Starting Out in Bahma de L.A.

Kayaking the Sea of Cortez
By Andromeda Romano-Lax
Bahma de L.A. Details

Trip Length:
18.5-20 miles; 2-3 days.

Charts Needed:
MEX Topo H12 C42, H12 C52 at 1:50,000

Getting There:
From Tijuana to the Bahma de Los Angeles junction (well-signed; site of a restaurant and PEMEX) is 364 miles via Highway 1. The side road at this junction is paved, but riddled with potholes. Follow it 42 miles to Bahma de L.A.

There is no public transport in or out of Bahma de L.A.


The town of Bahma de L.A. grew up around mining and kept growing with an influx of game fishermen and tourists from the north, most of them seeking dorado and yellowtail. Some call it charming, others call it bleak; in any event, it is small and rather dirty but certainly interesting and ciento por ciento (cent for cent) Baja.

There are three hotels, three trailer parks, four restaurants, at least five minimarts, a beer store, a PEMEX station (fuel supply unreliable), a medical clinic, and a natural history museum. Everything is easy walking distance from the shore; the Casa Dmaz hotel and Guillermo's Trailer Park, both on the main road in town, offer the easiest car parking and kayak launch. Guillermo's is also notable for its restaurant, where pink tablecloths, full-course meals, and a well-stocked bar start desert-weary visitors salivating. The Dmaz restaurant gets decent reviews, though the atmosphere at Casa Dmaz is not what most travel guides claim; since the death of Papa Dmaz, Bahma de L.A.'s most noted patriarch, nothing is quite as personal as it used to be.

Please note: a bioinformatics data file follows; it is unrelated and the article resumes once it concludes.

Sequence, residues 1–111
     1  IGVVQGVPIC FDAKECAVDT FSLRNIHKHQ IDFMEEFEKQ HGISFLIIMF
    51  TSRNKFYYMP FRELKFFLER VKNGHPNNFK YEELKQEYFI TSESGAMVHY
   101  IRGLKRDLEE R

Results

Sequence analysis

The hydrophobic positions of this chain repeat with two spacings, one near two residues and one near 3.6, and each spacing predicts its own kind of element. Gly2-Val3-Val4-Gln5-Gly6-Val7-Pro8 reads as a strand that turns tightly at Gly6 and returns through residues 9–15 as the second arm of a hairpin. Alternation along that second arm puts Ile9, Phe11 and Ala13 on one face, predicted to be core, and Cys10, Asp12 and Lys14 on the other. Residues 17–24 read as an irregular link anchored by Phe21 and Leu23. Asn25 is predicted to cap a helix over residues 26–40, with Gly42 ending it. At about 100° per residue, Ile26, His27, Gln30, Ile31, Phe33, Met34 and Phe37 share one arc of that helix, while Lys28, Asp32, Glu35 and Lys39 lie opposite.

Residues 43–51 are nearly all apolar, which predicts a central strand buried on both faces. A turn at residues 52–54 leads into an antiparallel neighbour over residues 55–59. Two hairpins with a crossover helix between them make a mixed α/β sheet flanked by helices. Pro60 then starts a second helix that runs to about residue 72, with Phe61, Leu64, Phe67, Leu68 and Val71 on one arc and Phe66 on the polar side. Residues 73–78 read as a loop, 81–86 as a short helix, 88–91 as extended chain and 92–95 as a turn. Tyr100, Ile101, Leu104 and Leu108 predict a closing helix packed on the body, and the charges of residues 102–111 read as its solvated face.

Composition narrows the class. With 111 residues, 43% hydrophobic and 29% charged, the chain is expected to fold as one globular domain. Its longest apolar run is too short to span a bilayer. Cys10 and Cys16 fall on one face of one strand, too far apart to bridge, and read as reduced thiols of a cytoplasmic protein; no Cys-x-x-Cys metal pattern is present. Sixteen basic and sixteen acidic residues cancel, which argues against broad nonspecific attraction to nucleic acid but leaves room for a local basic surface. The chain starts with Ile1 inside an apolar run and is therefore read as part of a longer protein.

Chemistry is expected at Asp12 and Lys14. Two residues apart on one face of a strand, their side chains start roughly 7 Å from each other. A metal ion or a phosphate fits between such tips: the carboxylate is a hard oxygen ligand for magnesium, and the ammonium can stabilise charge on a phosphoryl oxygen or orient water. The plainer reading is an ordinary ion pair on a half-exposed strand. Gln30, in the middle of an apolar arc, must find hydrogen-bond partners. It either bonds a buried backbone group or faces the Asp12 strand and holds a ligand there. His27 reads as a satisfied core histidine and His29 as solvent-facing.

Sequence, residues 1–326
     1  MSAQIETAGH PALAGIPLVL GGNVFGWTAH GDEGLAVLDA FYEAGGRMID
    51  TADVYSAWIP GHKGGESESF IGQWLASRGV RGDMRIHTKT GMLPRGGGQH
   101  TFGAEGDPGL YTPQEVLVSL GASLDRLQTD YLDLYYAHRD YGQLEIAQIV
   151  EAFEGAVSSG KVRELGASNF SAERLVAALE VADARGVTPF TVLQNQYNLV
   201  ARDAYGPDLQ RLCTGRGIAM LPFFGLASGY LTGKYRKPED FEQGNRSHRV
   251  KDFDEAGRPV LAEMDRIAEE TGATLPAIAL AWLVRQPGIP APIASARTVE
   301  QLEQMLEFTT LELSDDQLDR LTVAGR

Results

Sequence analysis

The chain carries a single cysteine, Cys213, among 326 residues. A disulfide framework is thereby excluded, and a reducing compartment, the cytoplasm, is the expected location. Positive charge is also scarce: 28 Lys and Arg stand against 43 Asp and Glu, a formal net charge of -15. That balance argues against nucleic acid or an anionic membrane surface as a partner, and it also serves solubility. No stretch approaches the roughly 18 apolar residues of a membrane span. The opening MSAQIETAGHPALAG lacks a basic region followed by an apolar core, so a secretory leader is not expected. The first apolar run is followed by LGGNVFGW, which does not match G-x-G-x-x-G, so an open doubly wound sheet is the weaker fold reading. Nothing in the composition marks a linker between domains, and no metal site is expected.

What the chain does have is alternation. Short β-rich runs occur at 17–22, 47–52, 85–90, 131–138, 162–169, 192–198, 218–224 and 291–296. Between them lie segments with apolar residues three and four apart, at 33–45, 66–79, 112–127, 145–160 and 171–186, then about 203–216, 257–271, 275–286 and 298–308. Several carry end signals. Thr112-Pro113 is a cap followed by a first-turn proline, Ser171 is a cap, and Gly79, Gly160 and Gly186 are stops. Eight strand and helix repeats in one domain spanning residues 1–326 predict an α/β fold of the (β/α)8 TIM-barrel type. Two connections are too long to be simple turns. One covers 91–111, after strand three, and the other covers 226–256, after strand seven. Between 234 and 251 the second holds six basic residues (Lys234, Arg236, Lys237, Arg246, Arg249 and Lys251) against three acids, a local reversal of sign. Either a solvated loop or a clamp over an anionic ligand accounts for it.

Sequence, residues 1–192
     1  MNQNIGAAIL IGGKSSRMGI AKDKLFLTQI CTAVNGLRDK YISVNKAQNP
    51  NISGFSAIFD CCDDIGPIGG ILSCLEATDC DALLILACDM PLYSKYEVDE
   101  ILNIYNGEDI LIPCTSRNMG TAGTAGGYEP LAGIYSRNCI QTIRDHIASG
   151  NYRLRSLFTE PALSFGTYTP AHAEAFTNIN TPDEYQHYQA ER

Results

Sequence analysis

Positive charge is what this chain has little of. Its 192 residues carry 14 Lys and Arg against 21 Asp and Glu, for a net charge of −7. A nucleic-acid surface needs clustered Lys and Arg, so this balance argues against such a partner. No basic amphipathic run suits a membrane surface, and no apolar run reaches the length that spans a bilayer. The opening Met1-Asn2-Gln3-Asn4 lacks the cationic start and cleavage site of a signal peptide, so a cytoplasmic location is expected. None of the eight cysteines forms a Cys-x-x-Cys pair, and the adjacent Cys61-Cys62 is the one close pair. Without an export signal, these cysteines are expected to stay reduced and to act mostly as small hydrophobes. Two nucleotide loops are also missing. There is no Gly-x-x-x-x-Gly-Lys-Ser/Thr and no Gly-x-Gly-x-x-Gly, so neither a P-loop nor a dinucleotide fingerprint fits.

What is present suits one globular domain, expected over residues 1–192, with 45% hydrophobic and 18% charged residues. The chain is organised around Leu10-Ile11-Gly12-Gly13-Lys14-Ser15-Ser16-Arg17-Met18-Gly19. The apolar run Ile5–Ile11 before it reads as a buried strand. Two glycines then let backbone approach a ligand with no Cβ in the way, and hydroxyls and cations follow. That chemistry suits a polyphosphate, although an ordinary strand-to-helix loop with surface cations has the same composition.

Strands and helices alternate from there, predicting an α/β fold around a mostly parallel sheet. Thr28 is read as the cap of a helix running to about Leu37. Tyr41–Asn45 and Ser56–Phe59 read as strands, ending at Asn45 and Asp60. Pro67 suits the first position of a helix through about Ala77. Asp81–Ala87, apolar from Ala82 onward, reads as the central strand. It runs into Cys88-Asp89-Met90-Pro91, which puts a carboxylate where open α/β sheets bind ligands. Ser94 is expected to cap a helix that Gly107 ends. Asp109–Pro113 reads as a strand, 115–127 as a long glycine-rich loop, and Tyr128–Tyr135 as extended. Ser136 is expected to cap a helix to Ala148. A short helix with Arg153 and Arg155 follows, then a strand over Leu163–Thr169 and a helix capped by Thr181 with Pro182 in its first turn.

Beach camping is popular north of town near the Punta La Gringa, though at spots one may have to vie with RVs.

The inner part of the bay, fronting the town, is very sheltered and makes for an easy launch. The beach in front of Guillermo's Trailer Park and the Dmaz compound (behind the PEMEX) is used by sailboaters, fishermen, and just about everyone else.

Circling the Isles
Launching from the beach, one will paddle past a small flotilla of anchored sailboats and fishing vessels, and then head for one mile to Punta Arena, a low-profile point that marks the northern limit of the inner bay and is the site of a red-and-white horizontally striped light tower.

From Punta Arena (Sand Point) to Punta La Gringa extends a long, sandy beach popular for camping, shelling, and loafing. A stretch of shallows, the Bajo, fronts this beach for several miles.

After paddling north along the shore for one to one and a half miles, one is in good position to cross over to the islands. The rugged, earth-tone desert isles may seem difficult to distinguish from afar, so take a moment to orient yourself. Ventana, the largest in the central cluster, is reddish-brown, with two smaller tan-and-white isles directly off its northwest side. This is not to be confused with Cabeza de Caballo, which is farther away, due east, and more darkly colored. Smith (Coronado) Island is the long island to the northeast, easily distinguished by the volcanic cone at its northern extremity. (The enormous island that forms the bay's seaward backdrop is 45-mile Angel de la Guarda, a veritable mountain range rising from the sea.)

The crossing to the western shore of Ventana is two and a half miles (total mileage to this point: five miles). There are two gravel landings on this side of Ventana; the larger and better of these can be located just past a rugged mound of land connected to the isle by a low, flat strip. Just off this point to the northwest are two small, lightly colored rocky isles: Cerraja and Llave (Lock and Key).


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